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Sesssion Cases Bicentenary Scholarship

Shona Norbash (formerly Warwick), receipient of the Session Cases Bicentenary Scholarship

To mark the Bicentenary of Session Cases, the SCLR awarded a scholarship for a postgraduate student in Scotland studying Scots law. Shona Norbash (formerly Warwick) a PhD student at The University of Edinburgh was awarded the scholarship. Having successfully complted her thesis in 2021 she summarises it thus.

Leases and Licences to Occupy – An Historical-Doctrinal Analysis

My thesis examines which occupation agreements are recognised by Scots law and how these different agreements are formed. This is a practically important area of Scots law. Parties need to know which agreements they have entered into, because different agreements create different rights and obligations for those involved. Thus far, however, the topic has been under-researched.

Through an historical analysis, the first part of the thesis demonstrates that Scots law recognises two types of agreement with the name of ‘lease’: ‘contracts of lease’ and ‘real rights of lease’. At first, the two seem indistinguishable, as they require the same cardinal elements (rent, parties, property and duration) to be agreed before any lease is formed. However, my thesis illustrates that the interpretation of the cardinal elements differs depending on which type of lease is being created. For example, a contract of lease can have a nominal or elusory rent, whilst a real right of lease cannot. The distinction between the two types of lease is important, as only a real right of lease is enforceable against successor landlords.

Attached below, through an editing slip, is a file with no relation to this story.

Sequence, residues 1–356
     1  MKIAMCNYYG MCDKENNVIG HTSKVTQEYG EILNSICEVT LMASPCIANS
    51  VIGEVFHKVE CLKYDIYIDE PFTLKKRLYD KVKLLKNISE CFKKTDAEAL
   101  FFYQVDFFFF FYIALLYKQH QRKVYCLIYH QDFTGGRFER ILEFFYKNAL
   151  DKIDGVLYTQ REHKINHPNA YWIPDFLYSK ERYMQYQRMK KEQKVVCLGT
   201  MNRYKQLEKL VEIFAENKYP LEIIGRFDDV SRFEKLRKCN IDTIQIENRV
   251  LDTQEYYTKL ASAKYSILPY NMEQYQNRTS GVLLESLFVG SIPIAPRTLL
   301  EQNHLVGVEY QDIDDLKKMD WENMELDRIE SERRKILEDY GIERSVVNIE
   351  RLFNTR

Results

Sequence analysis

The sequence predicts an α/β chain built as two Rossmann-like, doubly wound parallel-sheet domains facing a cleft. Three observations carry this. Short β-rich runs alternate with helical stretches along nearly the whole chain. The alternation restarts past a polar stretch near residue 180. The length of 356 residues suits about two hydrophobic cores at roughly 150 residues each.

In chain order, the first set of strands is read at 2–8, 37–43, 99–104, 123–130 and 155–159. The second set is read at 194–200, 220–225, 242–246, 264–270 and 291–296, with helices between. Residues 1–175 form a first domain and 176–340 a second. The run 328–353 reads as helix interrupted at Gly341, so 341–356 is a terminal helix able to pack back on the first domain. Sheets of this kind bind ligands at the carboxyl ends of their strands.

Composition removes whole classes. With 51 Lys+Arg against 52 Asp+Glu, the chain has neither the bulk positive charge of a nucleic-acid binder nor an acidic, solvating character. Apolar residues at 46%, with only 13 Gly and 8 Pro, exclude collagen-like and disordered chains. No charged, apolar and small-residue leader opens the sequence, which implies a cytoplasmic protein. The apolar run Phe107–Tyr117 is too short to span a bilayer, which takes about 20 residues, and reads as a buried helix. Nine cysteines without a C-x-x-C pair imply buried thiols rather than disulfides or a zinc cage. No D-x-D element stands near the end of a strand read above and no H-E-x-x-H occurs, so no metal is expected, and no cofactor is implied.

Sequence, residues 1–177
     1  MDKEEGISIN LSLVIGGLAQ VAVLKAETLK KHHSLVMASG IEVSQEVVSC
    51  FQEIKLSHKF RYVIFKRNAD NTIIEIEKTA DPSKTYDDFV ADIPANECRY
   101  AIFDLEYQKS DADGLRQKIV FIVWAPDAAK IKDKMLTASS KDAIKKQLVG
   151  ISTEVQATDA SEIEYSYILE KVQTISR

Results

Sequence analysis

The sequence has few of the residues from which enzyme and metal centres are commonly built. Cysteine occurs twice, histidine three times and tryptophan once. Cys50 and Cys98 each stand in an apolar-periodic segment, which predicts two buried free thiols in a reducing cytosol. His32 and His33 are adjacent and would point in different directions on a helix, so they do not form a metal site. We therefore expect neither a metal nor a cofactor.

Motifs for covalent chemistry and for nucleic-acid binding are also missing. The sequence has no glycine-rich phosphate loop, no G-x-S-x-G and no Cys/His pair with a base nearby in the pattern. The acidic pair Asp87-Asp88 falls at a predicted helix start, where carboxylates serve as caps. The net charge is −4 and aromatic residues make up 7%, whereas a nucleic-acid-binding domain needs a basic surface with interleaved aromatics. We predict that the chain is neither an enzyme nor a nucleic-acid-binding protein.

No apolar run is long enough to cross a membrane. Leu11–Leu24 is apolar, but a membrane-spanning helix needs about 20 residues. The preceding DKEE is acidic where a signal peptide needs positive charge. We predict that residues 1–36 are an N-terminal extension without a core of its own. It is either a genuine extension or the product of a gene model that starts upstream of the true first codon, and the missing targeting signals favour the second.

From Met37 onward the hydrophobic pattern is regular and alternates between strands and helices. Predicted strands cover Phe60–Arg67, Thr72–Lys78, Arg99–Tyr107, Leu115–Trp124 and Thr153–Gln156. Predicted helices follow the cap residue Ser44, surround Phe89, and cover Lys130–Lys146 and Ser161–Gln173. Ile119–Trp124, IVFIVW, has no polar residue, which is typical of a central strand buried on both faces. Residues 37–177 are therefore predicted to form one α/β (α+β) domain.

My thesis then traces the historical development of the licence to occupy and concludes it is now part of Scots law. I suggest, however, that the current methods for distinguishing between leases and licences to occupy (such as the exclusive possession test) are not fit for purpose. Consequently, parties may inadvertently create a lease, with onerous terms implied by law, rather than a licence to occupy with no such implied terms.

The final part of my thesis suggests how the law might be reformed so that the real right of lease, contract of lease, and licence to occupy could be better distinguished from each other. I suggest that a test based on the intention of the parties would be the best option for Scots law.